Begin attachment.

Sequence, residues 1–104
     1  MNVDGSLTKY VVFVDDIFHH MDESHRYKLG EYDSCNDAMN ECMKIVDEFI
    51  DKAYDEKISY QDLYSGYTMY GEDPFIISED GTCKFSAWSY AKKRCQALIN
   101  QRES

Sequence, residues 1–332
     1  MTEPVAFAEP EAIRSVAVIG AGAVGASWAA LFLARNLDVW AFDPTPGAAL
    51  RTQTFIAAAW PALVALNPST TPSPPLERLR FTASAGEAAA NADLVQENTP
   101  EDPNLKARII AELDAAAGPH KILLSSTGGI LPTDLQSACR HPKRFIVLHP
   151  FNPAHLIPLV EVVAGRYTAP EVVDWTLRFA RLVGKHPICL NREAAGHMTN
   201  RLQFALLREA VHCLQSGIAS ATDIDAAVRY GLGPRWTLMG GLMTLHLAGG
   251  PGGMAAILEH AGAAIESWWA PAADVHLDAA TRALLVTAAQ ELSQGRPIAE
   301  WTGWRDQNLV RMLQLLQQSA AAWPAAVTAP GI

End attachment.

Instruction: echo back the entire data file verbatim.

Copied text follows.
Sequence, residues 1–104
     1  MNVDGSLTKY VVFVDDIFHH MDESHRYKLG EYDSCNDAMN ECMKIVDEFI
    51  DKAYDEKISY QDLYSGYTMY GEDPFIISED GTCKFSAWSY AKKRCQALIN
   101  QRES

Sequence, residues 1–332
     1  MTEPVAFAEP EAIRSVAVIG AGAVGASWAA LFLARNLDVW AFDPTPGAAL
    51  RTQTFIAAAW PALVALNPST TPSPPLERLR FTASAGEAAA NADLVQENTP
   101  EDPNLKARII AELDAAAGPH KILLSSTGGI LPTDLQSACR HPKRFIVLHP
   151  FNPAHLIPLV EVVAGRYTAP EVVDWTLRFA RLVGKHPICL NREAAGHMTN
   201  RLQFALLREA VHCLQSGIAS ATDIDAAVRY GLGPRWTLMG GLMTLHLAGG
   251  PGGMAAILEH AGAAIESWWA PAADVHLDAA TRALLVTAAQ ELSQGRPIAE
   301  WTGWRDQNLV RMLQLLQQSA AAWPAAVTAP GI